Withholding the power to prescribe Schedule II drugs  from APNs also degrades the quality of care, said Carol Savrin, director of the master’s program at the Case Western Reserve University College of Nursing. Pediatric nurses often are a primary contact for children who have attention deficit hyperactivity disorder (ADHD) and who need Schedule II drugs. Savrin said it’s critical for nurses involved in hospice care to help cancer patients in severe pain.

“What is really important in the nurse practitioner’s role is relating to the patient, establishing the relationship and developing that relationship,” Savrin noted. “If you can’t treat someone when they are in pain, that trust disappears.”

Boyd points out that last year, similar legislation was moved out of the Health Committee by a 17-4 margin. That indicates that she may have the bipartisan support to win passage of her bill in both legislative chambers. It was passed late in the session and was never voted on.

The Ohio Nurses Association also thinks it has the votes to win passage this year.

Less clear is what could happen to House Bill 205, a measure that would require a circulating nurse — whose job it is to monitor procedures — to oversee all procedures in their entirety that occur in operating and invasive procedure rooms in hospitals and ambulatory surgical centers. That legislation could move through the House Health Committee but would face formidable opposition in the House and Senate.

Both the OSMA and Ohio Hospital Association both oppose the measure, noting that nearly all hospitals already follow such a procedure. They also say that staffing requirements would damage the flexibility to manage patients who have a variety of severe afflictions. And requiring nurse circulators’ presence in invasive procedure rooms could increase staffing costs  for managing minor radiology procedures.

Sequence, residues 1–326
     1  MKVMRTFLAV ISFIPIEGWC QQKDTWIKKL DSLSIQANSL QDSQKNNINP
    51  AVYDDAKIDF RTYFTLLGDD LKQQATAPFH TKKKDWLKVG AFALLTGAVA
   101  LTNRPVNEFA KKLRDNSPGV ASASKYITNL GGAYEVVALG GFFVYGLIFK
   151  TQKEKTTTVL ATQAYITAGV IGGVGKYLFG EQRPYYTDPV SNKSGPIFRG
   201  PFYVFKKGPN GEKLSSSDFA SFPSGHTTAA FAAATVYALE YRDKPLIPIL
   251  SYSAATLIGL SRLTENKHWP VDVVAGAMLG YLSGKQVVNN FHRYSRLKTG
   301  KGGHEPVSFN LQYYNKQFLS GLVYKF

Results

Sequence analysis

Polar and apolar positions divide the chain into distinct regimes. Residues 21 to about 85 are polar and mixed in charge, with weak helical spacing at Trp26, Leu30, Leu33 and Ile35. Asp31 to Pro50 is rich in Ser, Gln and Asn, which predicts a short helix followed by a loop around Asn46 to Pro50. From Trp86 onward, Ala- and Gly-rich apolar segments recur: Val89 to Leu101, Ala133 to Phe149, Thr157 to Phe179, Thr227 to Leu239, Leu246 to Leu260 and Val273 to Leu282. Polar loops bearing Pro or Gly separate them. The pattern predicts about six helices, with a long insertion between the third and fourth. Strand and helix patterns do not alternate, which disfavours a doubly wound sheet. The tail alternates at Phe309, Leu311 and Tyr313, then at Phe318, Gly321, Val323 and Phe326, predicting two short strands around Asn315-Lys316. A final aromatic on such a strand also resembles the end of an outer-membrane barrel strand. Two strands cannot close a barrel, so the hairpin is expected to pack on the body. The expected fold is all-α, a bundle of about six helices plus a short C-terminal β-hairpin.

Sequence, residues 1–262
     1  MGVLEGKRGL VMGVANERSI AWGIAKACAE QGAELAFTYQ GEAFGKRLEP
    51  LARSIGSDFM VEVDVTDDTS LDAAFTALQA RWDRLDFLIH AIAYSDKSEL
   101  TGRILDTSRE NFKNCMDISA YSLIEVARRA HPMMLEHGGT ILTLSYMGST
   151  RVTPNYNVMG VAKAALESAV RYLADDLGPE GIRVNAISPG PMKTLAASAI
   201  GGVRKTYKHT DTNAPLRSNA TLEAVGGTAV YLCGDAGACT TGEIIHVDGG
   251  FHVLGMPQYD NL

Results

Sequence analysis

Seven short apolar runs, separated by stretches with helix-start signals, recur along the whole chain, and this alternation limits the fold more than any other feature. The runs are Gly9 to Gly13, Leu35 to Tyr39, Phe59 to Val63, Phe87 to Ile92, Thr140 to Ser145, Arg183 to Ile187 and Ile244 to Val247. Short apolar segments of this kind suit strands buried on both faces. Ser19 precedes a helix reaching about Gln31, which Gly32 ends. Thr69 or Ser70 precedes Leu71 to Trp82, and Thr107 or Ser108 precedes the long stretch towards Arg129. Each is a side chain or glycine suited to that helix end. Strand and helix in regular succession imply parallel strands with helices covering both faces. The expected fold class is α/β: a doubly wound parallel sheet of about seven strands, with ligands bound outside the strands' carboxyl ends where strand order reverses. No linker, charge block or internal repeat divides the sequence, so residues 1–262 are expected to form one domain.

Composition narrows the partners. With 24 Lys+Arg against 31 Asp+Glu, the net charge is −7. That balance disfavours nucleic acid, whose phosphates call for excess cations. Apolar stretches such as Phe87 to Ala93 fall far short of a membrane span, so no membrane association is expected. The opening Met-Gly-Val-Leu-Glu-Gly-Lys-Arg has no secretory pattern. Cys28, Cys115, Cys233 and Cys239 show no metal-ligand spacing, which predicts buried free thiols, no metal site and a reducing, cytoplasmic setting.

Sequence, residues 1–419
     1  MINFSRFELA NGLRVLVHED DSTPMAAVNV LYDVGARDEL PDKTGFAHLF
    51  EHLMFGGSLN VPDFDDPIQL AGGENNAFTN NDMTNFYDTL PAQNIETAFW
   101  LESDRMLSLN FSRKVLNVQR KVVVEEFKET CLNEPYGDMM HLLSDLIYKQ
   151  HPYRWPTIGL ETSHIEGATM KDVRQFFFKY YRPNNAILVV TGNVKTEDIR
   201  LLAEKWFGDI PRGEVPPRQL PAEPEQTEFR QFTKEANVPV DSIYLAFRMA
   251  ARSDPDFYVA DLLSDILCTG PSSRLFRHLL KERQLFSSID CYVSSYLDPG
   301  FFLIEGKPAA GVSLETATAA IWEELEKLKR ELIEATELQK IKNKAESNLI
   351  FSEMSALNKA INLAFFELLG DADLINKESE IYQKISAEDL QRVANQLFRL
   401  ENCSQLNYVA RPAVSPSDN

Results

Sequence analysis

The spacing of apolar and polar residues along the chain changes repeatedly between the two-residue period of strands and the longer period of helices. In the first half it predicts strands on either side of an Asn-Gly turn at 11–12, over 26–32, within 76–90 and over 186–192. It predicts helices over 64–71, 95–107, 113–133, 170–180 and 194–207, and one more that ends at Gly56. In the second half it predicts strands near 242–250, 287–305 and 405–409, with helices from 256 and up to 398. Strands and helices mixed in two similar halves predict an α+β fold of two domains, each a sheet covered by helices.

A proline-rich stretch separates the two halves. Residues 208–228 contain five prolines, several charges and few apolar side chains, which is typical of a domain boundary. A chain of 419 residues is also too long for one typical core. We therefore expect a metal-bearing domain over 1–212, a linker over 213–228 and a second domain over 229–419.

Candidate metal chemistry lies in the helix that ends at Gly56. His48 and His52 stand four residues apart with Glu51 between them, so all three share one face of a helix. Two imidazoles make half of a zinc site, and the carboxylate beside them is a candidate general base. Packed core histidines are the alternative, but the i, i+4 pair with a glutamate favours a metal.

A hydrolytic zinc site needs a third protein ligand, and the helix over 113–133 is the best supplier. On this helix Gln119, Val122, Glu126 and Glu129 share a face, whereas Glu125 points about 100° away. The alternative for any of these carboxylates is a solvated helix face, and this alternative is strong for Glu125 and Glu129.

Tim Maglione, the OSMA’s senior director of governmental relations, said such a measure could increase the cost of care without significantly increasing patient safety. “As health care gets more and more expensive, we want to make sure we’re doing things in the most efficient way, and with the most benefit for both quality and cost,” Maglione said.

Proponents of the legislation are concerned about ambulatory surgical centers, where the use of nurse circulators is less consistent. And it’s also not clear how many circulating nurses currently stay for  entire procedures.

“All the time, there needs to be an advocate for the person who cannot advocate for themselves,” legislative sponsor Rep. Tom Letson said.

In addition to those pieces of legislation, nursing organizations had been pushing to make advanced practice nurses part of a proposed scholarship program that would reward physicians who choose to enter primary care, though that change is unlikely to happen.

Nursing interest groups also are watching legislation that would create a form to document medical orders for life-sustaining treatment and make changes to do-not resuscitate orders.

[Front-page photo courtesy of Flickr user prudencebrown21]